Articles | Volume 8, issue 4
Ocean Sci., 8, 603–614, 2012
Ocean Sci., 8, 603–614, 2012

Research article 13 Aug 2012

Research article | 13 Aug 2012

Variability of synoptic-scale quasi-stationary thermohaline stratification patterns in the Gulf of Finland in summer 2009

T. Liblik and U. Lips T. Liblik and U. Lips
  • Marine Systems Institute, Tallinn University of Technology, Akadeemia Road 15a, 12618 Tallinn, Estonia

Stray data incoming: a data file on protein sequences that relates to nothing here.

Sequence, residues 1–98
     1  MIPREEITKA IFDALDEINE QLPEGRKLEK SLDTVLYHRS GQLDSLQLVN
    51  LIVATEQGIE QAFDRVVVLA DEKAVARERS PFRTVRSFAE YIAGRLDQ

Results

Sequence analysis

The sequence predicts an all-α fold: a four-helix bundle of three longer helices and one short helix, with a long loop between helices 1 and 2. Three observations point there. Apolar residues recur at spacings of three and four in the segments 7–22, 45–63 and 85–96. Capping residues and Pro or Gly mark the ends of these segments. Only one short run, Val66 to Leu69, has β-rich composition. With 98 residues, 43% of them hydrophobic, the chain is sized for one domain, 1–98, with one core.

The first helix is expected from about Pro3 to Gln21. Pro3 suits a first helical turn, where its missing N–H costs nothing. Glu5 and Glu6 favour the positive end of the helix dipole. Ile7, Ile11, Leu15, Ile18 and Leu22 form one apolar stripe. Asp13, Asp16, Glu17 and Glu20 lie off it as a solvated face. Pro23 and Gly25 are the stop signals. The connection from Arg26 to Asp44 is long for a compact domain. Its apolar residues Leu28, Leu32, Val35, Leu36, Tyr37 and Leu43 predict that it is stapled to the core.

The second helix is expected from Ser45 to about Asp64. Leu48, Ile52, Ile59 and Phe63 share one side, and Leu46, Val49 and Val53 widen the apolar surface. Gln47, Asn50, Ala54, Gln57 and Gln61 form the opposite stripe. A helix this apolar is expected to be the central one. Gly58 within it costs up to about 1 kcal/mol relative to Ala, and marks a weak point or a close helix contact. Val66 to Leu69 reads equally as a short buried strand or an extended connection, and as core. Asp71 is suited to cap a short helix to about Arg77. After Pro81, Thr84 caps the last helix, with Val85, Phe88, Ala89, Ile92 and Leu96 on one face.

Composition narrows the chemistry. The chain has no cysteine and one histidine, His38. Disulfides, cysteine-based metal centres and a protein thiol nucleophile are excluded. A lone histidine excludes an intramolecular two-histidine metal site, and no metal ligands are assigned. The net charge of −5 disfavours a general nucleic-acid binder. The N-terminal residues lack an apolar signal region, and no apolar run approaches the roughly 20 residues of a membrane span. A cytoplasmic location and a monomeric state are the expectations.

Abstract. We present and analyze high-resolution observational data of thermohaline structure and currents acquired in the Gulf of Finland (Baltic Sea), using an autonomous buoy profiler and bottom-mounted acoustic Doppler current profiler during July–August 2009. Vertical profiles of temperature and salinity were measured in the upper 50-m layer with a 3 h time resolution, and vertical profiles of current velocity and direction were recorded with a 10 min time resolution. Although large temporal variations of vertical temperature and salinity distributions were revealed, it was possible to define several periods with quasi-stationary vertical thermohaline structure. These quasi-stationary stratification patterns persisted for 4–15 days and were dominated by certain physical processes: upwelling, relaxation of upwelling, estuarine circulation and its wind-induced reversal, and downwelling. Vertical profiles of current velocities supported the concept of synoptic-scale, quasi-stationary periods of hydrophysical fields, characterized by distinct layered flow structures and current oscillations. To estimate the contribution of different processes to the changes in stratification, a simple conceptual model was developed. The model accounts for heat flux through the sea surface, wind mixing, wind-induced transport (parallel to the horizontal salinity gradient) in the upper layer, and estuarine circulation. It reproduced observed changes in vertical stratification reasonably well. The largest discrepancies between observations and model results were found when water motions across the Gulf and associated vertical displacements of isopycnals (upwelling or downwelling) were dominant processes.